The online casino business brought a lucrative new side to gaming, as well as attracting a whole new demographic that is a world away from the archetypal “gamer” image. Suddenly, innovative games, and variations on ones that are centuries old, were being developed for a middle aged, high income target market – or in other words, the kind of market that you might ordinarily see in a bricks and mortar casino.
It is a market that is growing annually, and the recent legislative changes relating to sports betting in the USA are broadly expected to herald a more general relaxation in the rules related to online gambling in general across many states. This will open up a still larger market and see the sector grow even more rapidly over the coming years as more and more people learn how to play casino games using online tutorials and guides from providers such as Online Casino BlueBook.
The market itself seems at first glance to be dominated by the big multinational corporations – the kind of companies you see sponsoring the world’s largest sports teams. But this doesn’t preclude indie developers from taking advantage of the global gambling craze within their games. Here are some examples of how they go about it.
Games within games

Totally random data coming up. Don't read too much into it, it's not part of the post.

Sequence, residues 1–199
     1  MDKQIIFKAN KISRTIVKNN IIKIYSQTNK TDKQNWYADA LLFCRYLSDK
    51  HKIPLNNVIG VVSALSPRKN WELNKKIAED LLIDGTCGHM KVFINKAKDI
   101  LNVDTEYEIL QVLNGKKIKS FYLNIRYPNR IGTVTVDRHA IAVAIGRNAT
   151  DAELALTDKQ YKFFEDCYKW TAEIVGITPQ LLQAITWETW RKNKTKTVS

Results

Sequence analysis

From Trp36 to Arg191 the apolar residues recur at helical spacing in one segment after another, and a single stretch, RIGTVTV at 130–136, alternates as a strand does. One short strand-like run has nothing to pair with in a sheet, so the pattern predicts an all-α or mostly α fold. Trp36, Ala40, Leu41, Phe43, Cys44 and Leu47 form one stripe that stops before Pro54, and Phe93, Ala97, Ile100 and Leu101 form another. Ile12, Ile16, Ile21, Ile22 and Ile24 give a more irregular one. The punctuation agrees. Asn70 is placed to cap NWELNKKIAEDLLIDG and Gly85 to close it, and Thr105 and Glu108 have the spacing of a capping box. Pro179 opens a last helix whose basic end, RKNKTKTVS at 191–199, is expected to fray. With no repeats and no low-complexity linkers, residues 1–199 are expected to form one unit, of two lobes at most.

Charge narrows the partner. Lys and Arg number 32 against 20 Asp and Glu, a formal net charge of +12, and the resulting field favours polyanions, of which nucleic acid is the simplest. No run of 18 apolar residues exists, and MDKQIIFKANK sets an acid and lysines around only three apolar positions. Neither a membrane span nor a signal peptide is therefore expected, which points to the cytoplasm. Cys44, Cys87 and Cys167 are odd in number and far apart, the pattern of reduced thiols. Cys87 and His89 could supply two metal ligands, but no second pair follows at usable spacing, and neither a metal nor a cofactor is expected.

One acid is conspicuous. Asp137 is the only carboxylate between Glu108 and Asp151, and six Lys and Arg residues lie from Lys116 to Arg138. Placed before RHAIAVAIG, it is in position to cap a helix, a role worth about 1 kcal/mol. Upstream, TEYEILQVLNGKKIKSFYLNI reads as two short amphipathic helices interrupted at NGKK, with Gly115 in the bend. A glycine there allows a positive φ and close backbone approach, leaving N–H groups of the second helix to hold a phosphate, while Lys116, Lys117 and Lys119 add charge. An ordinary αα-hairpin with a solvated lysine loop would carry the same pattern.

It’s something that we’ve seen since the dawn of gaming – back in the1980s, fledgling game developer Firebird created an adventure game called The Wild Bunch in which you could take time out from the gunfights and bar brawls to play poker and win in-game money for supplies such as food, ammunition and medicine. Many found the poker to be more fun than the game itself.
Years on, and we see a similar phenomenon in games like Shenmue, where you can gamble to win in the Lucky Hit game.
Loot boxes provide a way for players to acquire random rewards, either through gameplay or by investing real money into the game. They have attracted an enormous amount of media attention over recent months and have even been declared illegal in some parts of Europe, but there is no disputing that loot boxes have become increasingly prevalent in games of all genres.
Interestingly, the whole loot box concept is one that has been pursued more vigorously by the major players, and the indie developers have remained largely unaffected by the whole loot box controversy. On reflection, perhaps that is for the best until the whole furor has died down and the major markets have got their legislation in order.
If you can’t beat ’em….
We suggested earlier that the online casino sector itself is dominated by large companies. This is true, but many smaller players and indie developers are finding room to thrive in this ever-growing market through taking new and innovative angles.
These include adding more skill-based aspects to traditional games of chance, such as slots, or using AR and VR technology to create a casino experience that is closer than ever to the real thing.